Correction for Irrelevant Absorption in Multicomponent Spectrophotometric Assay of Riboflavin, Formylmethylflavin, and Degradation Products: Kinetic Applications.

Correction for Irrelevant Absorption in Multicomponent Spectrophotometric Assay of Riboflavin, Formylmethylflavin, and Degradation Products: Kinetic Applications.

AAPS PharmSciTech. 2013 Jul 3;
Ahmad I, Qadeer K, Iqbal K, Ahmed S, Sheraz MA, Ali SA, Mirza T, Hafeez A

In the spectrophotometric assay of multicomponent systems involved in drug degradation studies, some minor or unknown degradation products may be present. These products may interfere in the assay and thus invalidate the results due to their absorption in the range of analytical wavelengths. This interference may be eliminated by the application of an appropriate correction procedure to obtain reliable data for kinetic treatment. The present study is based on the application of linear and non-linear irrelevant absorption corrections in the multicomponent spectrophotometric assay of riboflavin and formylmethylflavin during the photolysis and hydrolysis studies. The correction procedures take into account the interference caused by minor or unknown products and have shown considerable improvement in the assay data in terms of the molar balance. The treatment of the corrected data has led to more accurate kinetic results in degradation studies. HubMed – drug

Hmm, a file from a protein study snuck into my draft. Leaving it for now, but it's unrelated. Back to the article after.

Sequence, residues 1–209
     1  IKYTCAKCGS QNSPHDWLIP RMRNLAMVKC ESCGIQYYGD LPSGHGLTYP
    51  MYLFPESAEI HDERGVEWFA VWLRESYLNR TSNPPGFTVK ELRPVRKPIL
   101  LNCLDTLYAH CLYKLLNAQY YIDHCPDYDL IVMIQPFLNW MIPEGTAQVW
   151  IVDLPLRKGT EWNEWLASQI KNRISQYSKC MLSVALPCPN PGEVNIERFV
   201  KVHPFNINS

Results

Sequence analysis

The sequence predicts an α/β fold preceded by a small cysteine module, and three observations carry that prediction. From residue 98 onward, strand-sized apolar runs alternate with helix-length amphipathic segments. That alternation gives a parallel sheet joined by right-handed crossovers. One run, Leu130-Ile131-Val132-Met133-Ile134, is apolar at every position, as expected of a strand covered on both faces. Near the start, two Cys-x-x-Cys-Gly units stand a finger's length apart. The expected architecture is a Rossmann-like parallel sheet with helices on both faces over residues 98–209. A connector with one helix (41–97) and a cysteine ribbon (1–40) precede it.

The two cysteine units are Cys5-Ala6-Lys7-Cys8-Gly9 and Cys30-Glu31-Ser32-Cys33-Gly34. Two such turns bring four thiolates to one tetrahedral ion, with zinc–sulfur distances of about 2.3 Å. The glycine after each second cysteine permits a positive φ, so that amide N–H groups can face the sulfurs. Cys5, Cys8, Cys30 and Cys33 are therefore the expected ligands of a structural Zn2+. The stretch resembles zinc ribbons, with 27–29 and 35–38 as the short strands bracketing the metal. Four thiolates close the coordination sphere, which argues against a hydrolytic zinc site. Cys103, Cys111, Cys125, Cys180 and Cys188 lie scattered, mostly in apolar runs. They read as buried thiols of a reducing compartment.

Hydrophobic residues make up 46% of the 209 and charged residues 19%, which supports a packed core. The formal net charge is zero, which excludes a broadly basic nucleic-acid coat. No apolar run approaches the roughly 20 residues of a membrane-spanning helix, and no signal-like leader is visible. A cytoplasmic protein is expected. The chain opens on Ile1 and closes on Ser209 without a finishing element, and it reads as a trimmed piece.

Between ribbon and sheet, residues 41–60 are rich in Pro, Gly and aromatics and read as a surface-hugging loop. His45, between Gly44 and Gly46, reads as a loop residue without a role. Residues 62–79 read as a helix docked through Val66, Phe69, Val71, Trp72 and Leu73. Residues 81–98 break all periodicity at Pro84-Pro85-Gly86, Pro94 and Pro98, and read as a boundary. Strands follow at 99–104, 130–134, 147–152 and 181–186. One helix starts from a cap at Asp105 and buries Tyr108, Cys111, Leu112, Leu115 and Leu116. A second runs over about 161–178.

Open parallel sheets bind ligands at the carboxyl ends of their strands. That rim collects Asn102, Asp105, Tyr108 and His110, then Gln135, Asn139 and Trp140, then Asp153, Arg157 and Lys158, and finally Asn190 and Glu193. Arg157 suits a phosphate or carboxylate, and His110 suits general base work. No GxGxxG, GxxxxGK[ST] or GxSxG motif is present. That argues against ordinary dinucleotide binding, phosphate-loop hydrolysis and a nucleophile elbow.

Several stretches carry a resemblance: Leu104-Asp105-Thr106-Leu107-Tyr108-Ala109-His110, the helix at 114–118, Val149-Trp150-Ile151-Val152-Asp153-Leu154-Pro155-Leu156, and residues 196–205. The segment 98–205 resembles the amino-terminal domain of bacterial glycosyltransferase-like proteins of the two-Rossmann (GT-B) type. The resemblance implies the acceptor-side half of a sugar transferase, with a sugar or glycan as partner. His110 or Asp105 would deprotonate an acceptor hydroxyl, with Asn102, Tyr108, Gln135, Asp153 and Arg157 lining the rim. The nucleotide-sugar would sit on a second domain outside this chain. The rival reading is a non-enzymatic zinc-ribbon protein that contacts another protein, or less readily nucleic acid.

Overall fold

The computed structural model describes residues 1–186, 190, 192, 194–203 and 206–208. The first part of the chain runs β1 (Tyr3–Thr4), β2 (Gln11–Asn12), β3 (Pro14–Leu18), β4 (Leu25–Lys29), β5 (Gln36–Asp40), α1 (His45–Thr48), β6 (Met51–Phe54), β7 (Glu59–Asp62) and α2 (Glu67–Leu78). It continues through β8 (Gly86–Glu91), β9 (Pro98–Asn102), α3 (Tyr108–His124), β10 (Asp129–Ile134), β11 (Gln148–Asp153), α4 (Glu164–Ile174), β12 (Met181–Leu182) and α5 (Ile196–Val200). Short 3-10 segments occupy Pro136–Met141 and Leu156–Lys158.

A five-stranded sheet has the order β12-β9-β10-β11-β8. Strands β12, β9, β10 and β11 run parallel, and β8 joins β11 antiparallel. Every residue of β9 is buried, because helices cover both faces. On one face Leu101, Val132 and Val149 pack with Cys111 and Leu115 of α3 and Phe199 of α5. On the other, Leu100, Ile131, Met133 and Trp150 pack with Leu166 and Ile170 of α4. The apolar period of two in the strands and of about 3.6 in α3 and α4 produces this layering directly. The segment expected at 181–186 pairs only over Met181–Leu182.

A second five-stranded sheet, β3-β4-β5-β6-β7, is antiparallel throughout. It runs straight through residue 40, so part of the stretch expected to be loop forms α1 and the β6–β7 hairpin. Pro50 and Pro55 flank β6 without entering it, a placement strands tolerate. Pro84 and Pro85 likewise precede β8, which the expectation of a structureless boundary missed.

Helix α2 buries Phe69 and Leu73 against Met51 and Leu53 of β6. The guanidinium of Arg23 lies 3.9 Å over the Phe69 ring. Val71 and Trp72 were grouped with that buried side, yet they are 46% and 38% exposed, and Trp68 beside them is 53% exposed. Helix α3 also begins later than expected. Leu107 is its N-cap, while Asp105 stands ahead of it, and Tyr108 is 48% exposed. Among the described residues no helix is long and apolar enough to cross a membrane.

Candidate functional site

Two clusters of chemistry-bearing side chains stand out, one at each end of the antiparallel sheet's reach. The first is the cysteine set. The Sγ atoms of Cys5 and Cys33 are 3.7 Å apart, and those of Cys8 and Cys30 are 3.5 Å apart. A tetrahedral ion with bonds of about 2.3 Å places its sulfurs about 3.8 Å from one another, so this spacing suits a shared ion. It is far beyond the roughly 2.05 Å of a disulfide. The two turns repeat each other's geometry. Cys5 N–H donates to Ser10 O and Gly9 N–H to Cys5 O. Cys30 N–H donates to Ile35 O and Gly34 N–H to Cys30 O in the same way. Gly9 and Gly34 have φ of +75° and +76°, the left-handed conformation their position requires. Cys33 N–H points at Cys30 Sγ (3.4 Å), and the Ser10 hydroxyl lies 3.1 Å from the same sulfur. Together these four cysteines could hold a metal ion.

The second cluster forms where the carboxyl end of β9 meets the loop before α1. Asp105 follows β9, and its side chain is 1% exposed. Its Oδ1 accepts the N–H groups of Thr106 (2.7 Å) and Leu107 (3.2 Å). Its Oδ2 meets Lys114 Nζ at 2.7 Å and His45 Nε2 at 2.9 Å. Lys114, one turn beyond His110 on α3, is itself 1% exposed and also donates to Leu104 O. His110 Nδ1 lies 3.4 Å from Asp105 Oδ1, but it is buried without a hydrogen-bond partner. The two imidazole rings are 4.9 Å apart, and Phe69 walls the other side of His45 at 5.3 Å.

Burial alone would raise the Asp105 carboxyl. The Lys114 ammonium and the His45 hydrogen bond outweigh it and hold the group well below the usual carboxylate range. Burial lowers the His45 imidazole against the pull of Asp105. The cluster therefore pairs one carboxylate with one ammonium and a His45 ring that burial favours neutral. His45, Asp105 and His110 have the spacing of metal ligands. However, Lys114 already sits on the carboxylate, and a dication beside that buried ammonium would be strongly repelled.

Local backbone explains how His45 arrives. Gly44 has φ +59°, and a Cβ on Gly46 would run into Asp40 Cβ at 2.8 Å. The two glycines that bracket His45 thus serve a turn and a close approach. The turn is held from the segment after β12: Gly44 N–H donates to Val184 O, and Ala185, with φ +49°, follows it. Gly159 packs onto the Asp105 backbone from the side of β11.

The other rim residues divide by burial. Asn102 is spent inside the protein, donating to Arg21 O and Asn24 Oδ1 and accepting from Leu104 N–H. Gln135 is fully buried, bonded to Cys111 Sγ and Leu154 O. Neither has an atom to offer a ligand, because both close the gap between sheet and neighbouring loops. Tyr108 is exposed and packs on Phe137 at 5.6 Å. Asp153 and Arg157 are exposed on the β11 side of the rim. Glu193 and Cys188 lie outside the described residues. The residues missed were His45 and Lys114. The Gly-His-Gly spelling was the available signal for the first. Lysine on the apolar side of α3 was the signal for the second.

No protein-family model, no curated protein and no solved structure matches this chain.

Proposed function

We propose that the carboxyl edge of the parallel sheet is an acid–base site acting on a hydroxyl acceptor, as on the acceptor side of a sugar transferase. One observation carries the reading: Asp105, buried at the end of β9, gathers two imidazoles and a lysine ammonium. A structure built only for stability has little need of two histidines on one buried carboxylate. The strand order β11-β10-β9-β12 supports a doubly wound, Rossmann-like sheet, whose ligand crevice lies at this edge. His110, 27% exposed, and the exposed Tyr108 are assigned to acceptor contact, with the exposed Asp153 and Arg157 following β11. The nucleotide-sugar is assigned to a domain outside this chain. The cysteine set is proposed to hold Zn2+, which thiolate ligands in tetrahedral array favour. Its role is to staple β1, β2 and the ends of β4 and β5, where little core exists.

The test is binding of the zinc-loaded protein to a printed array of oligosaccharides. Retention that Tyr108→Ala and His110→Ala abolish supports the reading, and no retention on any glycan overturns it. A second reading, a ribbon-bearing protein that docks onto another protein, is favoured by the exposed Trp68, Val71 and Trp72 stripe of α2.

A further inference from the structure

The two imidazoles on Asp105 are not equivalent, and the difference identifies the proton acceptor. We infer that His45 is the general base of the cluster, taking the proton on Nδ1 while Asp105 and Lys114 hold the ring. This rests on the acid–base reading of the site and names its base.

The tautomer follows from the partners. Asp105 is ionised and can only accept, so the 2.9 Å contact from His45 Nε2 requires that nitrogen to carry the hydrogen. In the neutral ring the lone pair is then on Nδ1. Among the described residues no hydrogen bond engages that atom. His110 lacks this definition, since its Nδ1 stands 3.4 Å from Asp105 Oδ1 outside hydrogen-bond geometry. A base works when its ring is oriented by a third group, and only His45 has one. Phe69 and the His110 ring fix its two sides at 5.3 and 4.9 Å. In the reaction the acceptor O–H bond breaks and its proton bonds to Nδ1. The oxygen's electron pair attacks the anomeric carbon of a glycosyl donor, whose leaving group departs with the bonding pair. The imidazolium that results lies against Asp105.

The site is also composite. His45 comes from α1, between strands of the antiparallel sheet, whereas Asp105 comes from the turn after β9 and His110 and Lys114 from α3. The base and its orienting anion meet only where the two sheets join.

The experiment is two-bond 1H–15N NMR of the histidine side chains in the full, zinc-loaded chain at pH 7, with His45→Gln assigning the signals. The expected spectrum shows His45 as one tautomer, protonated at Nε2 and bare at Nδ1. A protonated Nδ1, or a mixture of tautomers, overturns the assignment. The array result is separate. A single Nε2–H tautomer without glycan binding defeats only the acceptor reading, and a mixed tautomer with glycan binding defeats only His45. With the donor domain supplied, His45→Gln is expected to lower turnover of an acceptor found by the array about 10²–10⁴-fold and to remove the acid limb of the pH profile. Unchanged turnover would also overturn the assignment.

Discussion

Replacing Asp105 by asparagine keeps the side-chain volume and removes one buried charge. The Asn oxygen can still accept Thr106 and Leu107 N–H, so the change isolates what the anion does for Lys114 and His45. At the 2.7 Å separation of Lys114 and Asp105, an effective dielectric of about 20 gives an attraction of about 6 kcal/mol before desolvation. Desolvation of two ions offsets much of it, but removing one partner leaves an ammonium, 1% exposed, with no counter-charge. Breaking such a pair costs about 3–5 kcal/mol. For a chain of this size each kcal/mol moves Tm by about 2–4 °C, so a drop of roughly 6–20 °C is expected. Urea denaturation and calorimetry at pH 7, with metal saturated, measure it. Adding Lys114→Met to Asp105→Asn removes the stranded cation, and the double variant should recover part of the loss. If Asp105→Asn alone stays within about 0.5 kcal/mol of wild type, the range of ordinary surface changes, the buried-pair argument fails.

Hypericum hircinum L. components as new single-molecule inhibitors of both HIV-1 reverse transcriptase-associated DNA polymerase and ribonuclease H activities.

Pathog Dis. 2013 Jun 12;
Esposito F, Sanna C, Del Vecchio C, Cannas V, Venditti A, Corona A, Bianco A, Serrilli AM, Guarcini L, Parolin C, Ballero M, Tramontano E

Among HIV-1 reverse transcriptase (RT)-associated functions, DNA polymerase and Ribonuclease H (RNase H) are both essential for HIV replication and excellent targets for drug development. While all RT inhibitors approved for therapy target the DNA polymerase activity, there is the pressing need for new RT inhibitors possibly targeting the RNase H function. In the last 20¬†years, many natural substances have shown antiviral activity against HIV-1, but only a few against the RNase H function. In this study, we have tested the ethanolic extracts obtained by the Hypericum hircinum L. (Hypericaceae) growing in Sardinia (Italy) on the HIV-1 RT-associated RNase H function and found that they have inhibitory effects. Active extracts were fractionated up to obtain the main components that have been isolated, tested, and identified to be betulinic acid, shikimic acid, chlorogenic acid, quercetin, 5,7,3′,5′-tetrahydroxyflavanone, and 5,7,3′,5′-tetrahydroxyflavanone 7-O-glucoside. Betulinic acid and 5,7,3′,5′-tetrahydroxyflavanone 7-O-glucoside were active on both RT-associated activities, and betulinic acid was also active on HIV-1 mutant RTs resistant to efavirenz. Overall, our results suggest that some of these compounds inhibit the HIV-1 RT binding to an allosteric site previously described for other natural compounds and are potential leads for further drug development of a single molecules having dual inhibitory activity. HubMed – drug